“Forgiving others is essential for spiritual growth”
So said the late, great Dr. Wayne W Dyer, and he knew a LOT about personal, spiritual growth and development. He knew that without forgiveness, spiritual growth doesn’t happen, it doesn’t have a chance. Without forgiveness, we get stuck inside loops of repetition, blame and self sabotage. Without forgiveness, we’re still handing our power over to somebody or something else, and however hard we try and however much effort we put in, we cannot rise.
That’s the main misconception that many people still hold onto when it comes to forgiveness: its not for the benefit of the offender. Its not for the person who wronged or hurt you, its not about giving them any more than they’ve already taken. It is wholly, completely, fully for, and in support of YOU.
The recent, shocking media disclosure of the abuse, trauma and pain suffered by so many in the film industry coincides with the slow beginnings of the process of our collective unification. As horrible as it is to face, seeing and accepting these kinds of hidden abuses of power is the first step we need to take. We cannot evolve as a species, unless we lay bare our pain, before attempting to integrate and heal from it.
The next step is forgiveness.
What is Forgiveness?
A really great definition of forgiveness, which is generally agreed upon is that it’s a conscious, deliberate decision to release feelings of resentment or vengeance toward a person or group who has harmed you. Whether or not they actually deserve your forgiveness doesn’t matter (it’s not about them, remember?) Forgiveness isn’t denying the harm or pain that’s been inflicted on you. It’s not pretending it didn’t happen, or belittling its severity. Forgiveness is a tool to prevent further harm being done, in the form of resentments, anger and emotional blocks, related to the first offence.
It’s a tool of re-empowerment.
How to Forgive
Forgiveness isn’t always easy. But with practice, not only will it get easier but you’ll notice your life shifting, as you release one form of energy from your being, and consciously replace it with another.
This step by step method is a simple way to begin. You may notice some steps are more difficult, and take longer. And some may need to be repeated over and over before they take root. The important thing is not to give up!
1. Get clear about who and what you need to forgive
This is vital to get right, because without being absolutely certain who and what has hurt you so much, the work you do next won’t be effective. It can be a really useful practice to write it down on paper, or even to write a letter to the perpetrator, describing what happened (don’t send it! It’s for your eyes only!) Writing also serves the purpose of externalizing your pain, which is one step closer to removing it completely.
2. Feel your pain
Allow your feelings to rise. Experience them. Give them as much space to exist in your body as they need, to be fully felt. Let them be real and true. It maybe painful, but this is critical for two reasons:
First, by feeling your pain, you are owning it. You are beginning to call back in your power, and by consciously holding your pain, you can decide what to do with it.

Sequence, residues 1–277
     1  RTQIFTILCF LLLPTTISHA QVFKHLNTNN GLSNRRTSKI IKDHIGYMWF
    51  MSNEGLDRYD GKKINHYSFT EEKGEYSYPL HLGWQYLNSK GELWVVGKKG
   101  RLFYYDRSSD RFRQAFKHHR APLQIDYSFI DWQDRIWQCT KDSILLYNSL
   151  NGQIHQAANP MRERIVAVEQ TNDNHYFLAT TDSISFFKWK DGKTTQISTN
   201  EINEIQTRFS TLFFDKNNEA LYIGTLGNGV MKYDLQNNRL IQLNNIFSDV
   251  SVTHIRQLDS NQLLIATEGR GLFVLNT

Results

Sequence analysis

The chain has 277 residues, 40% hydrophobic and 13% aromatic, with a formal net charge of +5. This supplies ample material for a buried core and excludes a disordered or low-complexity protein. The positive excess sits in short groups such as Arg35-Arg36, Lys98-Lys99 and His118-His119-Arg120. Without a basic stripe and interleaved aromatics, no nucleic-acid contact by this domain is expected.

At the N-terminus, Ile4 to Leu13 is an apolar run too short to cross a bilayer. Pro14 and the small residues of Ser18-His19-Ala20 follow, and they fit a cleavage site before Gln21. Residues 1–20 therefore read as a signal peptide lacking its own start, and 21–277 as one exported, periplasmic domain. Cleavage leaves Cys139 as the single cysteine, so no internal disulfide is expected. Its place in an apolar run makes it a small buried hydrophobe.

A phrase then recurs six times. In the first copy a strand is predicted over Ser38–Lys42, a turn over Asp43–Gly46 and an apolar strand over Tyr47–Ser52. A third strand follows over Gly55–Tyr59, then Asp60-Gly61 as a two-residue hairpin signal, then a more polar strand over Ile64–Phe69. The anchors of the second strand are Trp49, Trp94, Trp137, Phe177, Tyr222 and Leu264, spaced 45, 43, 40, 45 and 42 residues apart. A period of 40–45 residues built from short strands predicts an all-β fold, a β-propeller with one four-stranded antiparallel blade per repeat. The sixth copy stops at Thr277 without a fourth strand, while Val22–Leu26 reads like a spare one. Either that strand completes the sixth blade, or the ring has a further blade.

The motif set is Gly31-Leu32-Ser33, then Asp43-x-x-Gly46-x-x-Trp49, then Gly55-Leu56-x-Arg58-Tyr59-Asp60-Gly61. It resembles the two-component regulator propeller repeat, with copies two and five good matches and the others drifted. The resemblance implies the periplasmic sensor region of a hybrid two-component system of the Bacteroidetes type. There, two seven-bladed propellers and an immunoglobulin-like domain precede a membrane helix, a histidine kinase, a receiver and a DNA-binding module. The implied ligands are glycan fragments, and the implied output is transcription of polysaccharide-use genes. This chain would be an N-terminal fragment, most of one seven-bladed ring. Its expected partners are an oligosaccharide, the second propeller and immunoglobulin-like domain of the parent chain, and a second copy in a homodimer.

Secondly, when you allow yourself to feel your pain, resentment, anger or whatever it is you need to feel, it is on the cusp of departing from your field: you have brought it close enough to the surface of your being to be released.
3. Consciously Surrender
At this point, you have the power to decide to let your feelings go.
It’s likely they’ll be complex– the initial pain or trauma will have surfaced, as well as more recent resentments and fear or anger-based feelings, directed toward your aggressor. Let them all go.
It may help to speak your intention out loud: something like…
“I release all feelings of resentment toward….. They do not belong to me any more. I release all feelings of pain related to….. This pain does not belong to me any more. If ever they resurface, I promise to let them go”.
This can be really difficult, so many people ask their spiritual allies to help them with this step – if you have guides or angels, ask them to take your pain from you.
4. Rebuild Boundaries
Take some time to reflect on how you want your life and relationships to be different from now on, and what you can do to prevent similar pain or trauma being inflicted again. Once you have some clarity on what needs to change, it’s time to create some new boundaries, which means being certain of the kinds of treatment and behavior that you will and won’t accept. This may mean ending a relationship and cutting off contact. Or it may require careful and kind discussions to create a whole new framework for an existing one.
Try to remain compassionate, to yourself and the other person throughout this step, but do not agree to anything you’re not happy with.
5. Move on
Now you are allowed to move on and away and into a bright new future! So look forward, and not back.
It’s likely that some of the feelings you have worked to release will pop back up, and this is normal so don’t berate yourself. Just go back through the steps and it will happen less and less. Forgiveness is about finding a new pathway, so embrace it, even if it feels like unknown territory.
This is what emotional freedom feels like!
Forgiveness is hard, hard work but it’s unavoidable if you’re on a spiritual path.
Do you have any more tools or tricks that work especially well for you?
Share your journey with us below, and let’s help each other along on our healing paths.